End of an era: Ally-Councilwoman Blondell Reynolds Brown won’t run for reelection


Blondell Reynolds Brown will be giving up her seat on Philadelphia City Council when her term expires, but she makes it clear she’s not retiring.

Reynolds Brown, whose position as Majority Whip makes her the only woman serving in City Council leadership, made her announcement Jan. 18 at the Mayor’s Reception Room at City Hall, and referred to retirement as a four-letter word.

A 2015 PGN article referred to Reynolds Brown as an “out-spoken ally” of the LGBTQ community for all she had done until then.

One out supporter who helped coordinate the event suggested her LGBT legislative legacy would probably be her help in making Philadelphia’s Office of LGBT Affairs permanent.

In 2008, Mayor Michael Nutter created the office by executive order. It was designed to serve as a conduit between the LGBT community and City Hall.

In 2015, Councilwoman Reynolds Brown proposed a bill to make the city’s Office of LGBT Affairs permanent.

Besides Council passing it and Mayor Nutter signing it, the bill also needed a public vote since it would amend the Home Rule Charter.

Voters were asked, “Shall The Philadelphia Home Rule Charter be amended to establish and define the functions of the Office of Lesbian, Gay, Bisexual and Transgender (LGBT) Affairs, headed by a Director of LGBT Affairs?”

While this was going on, Councilwoman Reynolds Brown told PGN she’d long felt connected to discrimination faced by the LGBT community.

“Years ago, I witnessed up close and personal how my close gay, male friends were mistreated every day,” she said. “As a black female, seeing another minority discriminated against hurt me deeply and really sensitized me to those issues.”

Had the ballot question failed, a future mayor could’ve made changes or even gotten rid of the Office of LGBT Affairs.

“As the office stands now, it exists at the interest or not of the next mayor,” Reynolds Brown told PGN. “I believe that the Office of LGBT Affairs should not be at the whim of executive order, but a permanent part of this city. It’s the right thing to do.”

Voters agreed and made it permanent by a margin of 91,825 to 67,319.

“This bill offers the LGBT community a permanent seat and voice at the table,” Reynolds Brown said in a statement after the vote. “To a community who too often faces discrimination, it is imperative for them to have a direct line to the mayor and City Council.”

Interestingly, at the announcement she’d be ending her political career, one of the politicians who spoke before the councilwoman mentioned Reynolds Brown had a similar remark: “If you’re not at the table, you’re on the menu.”

Reynolds Brown has one year to go in her fifth term as an at-large member of City Council. Her term, and 20 years in office, will be over next New Year’s.

In prepared remarks, she admitted, “Up until two days ago, I remained painfully undecided,” and only let a few people know of her decision.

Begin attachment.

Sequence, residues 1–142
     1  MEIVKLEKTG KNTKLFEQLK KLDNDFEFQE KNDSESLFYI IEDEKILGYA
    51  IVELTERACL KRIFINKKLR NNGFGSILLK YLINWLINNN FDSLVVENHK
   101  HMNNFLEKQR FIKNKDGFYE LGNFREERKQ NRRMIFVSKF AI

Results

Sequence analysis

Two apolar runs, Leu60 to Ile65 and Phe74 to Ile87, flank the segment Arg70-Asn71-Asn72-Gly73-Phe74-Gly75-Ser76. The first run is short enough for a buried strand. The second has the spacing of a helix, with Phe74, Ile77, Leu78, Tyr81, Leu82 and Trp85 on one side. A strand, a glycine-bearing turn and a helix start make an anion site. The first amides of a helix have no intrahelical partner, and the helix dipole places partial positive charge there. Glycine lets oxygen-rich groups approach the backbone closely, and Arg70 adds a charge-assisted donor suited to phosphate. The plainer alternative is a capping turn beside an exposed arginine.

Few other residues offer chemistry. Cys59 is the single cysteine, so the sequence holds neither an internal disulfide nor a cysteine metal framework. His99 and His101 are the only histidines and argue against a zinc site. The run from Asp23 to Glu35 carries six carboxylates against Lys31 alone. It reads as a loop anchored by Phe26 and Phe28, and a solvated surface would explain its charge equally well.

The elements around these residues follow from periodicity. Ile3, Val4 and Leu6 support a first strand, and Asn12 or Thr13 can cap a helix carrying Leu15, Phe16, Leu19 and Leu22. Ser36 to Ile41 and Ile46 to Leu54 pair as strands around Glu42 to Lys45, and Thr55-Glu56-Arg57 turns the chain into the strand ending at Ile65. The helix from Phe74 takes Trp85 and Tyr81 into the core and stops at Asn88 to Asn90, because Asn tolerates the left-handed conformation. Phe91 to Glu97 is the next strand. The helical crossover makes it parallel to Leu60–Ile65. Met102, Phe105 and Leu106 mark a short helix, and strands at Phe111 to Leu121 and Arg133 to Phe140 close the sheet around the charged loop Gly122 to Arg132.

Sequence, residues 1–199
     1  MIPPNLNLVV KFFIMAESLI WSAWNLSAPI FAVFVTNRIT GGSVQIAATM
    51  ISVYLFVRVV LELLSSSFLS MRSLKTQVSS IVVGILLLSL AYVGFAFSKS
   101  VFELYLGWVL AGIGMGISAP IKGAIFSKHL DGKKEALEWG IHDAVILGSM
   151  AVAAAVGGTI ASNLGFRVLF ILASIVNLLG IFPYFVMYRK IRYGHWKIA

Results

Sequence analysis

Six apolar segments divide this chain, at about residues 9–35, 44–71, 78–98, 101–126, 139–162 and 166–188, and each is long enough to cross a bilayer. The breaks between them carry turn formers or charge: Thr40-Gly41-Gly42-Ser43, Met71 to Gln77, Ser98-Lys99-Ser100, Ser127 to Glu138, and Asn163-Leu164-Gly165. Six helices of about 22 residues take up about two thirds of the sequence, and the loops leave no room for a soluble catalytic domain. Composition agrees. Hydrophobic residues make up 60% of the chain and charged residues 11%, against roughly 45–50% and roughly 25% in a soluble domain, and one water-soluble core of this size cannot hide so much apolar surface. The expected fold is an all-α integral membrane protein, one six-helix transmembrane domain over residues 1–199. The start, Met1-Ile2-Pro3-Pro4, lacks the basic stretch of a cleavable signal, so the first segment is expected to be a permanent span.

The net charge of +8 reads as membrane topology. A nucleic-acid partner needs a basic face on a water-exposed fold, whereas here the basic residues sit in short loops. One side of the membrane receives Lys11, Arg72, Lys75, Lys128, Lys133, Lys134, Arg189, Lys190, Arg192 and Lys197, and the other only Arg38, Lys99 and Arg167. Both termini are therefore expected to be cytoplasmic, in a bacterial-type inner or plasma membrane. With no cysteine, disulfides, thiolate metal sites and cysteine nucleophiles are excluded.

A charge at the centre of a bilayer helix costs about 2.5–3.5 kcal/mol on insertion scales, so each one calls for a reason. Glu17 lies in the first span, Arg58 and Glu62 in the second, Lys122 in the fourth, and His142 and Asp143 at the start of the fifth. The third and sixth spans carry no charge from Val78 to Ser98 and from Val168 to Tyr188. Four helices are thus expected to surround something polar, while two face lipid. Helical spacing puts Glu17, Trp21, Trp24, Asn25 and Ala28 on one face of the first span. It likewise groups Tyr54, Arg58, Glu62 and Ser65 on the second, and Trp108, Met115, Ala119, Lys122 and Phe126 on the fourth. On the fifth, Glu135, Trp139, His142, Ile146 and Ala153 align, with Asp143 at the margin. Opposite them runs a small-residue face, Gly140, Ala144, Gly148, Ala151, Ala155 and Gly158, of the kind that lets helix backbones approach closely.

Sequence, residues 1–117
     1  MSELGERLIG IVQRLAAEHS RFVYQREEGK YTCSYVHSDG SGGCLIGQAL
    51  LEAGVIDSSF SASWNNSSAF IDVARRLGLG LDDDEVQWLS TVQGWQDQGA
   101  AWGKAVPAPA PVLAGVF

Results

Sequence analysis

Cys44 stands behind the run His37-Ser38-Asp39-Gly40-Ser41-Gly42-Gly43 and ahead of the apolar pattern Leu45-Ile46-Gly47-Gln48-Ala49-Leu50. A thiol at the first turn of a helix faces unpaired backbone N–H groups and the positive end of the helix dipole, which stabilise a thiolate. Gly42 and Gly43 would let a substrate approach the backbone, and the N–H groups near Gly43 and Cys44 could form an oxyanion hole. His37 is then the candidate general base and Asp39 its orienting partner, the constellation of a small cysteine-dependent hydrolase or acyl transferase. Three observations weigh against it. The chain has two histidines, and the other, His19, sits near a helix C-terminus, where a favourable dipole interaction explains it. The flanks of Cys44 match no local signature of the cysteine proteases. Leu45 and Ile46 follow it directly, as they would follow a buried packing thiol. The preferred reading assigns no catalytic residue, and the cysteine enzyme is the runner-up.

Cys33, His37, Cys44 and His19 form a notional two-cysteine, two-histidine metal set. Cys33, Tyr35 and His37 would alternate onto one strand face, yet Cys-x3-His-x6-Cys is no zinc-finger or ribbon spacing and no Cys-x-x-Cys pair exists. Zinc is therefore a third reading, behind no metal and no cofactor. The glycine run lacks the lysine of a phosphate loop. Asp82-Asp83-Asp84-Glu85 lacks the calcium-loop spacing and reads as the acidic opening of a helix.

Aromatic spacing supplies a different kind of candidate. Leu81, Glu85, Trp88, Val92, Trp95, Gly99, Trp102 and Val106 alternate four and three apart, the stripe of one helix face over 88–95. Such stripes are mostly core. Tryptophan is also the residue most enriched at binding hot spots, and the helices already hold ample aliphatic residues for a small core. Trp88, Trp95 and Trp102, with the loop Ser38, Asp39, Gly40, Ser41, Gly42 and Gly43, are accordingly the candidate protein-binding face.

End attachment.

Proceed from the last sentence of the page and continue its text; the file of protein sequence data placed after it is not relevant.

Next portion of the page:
She remembered being outspent during all of her campaigns, but that didn’t stop her.

Being among the top five Democrats for her at-large seat, she said, “I’ve been first. I’ve been last. I’ve been in the middle. … Nobody can outwork Blondell Reynolds Brown.”

She mentioned being proud of her work for children, women and the LGBTQ community, and called her office “a talent factory for young professionals.”

A graduate of Philadelphia High School for Girls, Reynolds Brown earned her Bachelor’s and Master’s degrees from Penn State University.

Then, after teaching with the School District of Philadelphia, she became a professional dancer and earned a place as a company member of the Philadelphia Dance Company.

Following that, she became involved in politics, volunteering and then working for State Sen. Vincent Hughes (D-7th District), who announced the speakers before Reynolds Brown actually spoke at the event last week.

The councilwoman didn’t answer questions, saying she wanted to “savor the moment,” but will do so in the near future.

As far as what’s next, Reynolds Brown said it’ll be something different, but she’ll stay connected to City Council. She told the audience of family, staff members, supporters and the news media, “You do not have to be elected to make a difference.” 

City Council consists of 17 members: Ten elected by district and seven – including Reynolds Brown – from the city at-large. In the May 21 primary for at-large seats, the top five candidates from each party will go on to the general election. Then, on Nov. 5, the top seven of those ten will win the seats. That means at least two seats will go to the minority party, which has been Republicans in Philadelphia for decades.

Terms are four years, and there are no term limits.

The registration deadline to vote in May 21’s primary is April 22. You can register to vote through the Pennsylvania Department of State’s online application at https://www.pavoterservices.pa.gov/Pages/VoterRegistrationApplication.aspx.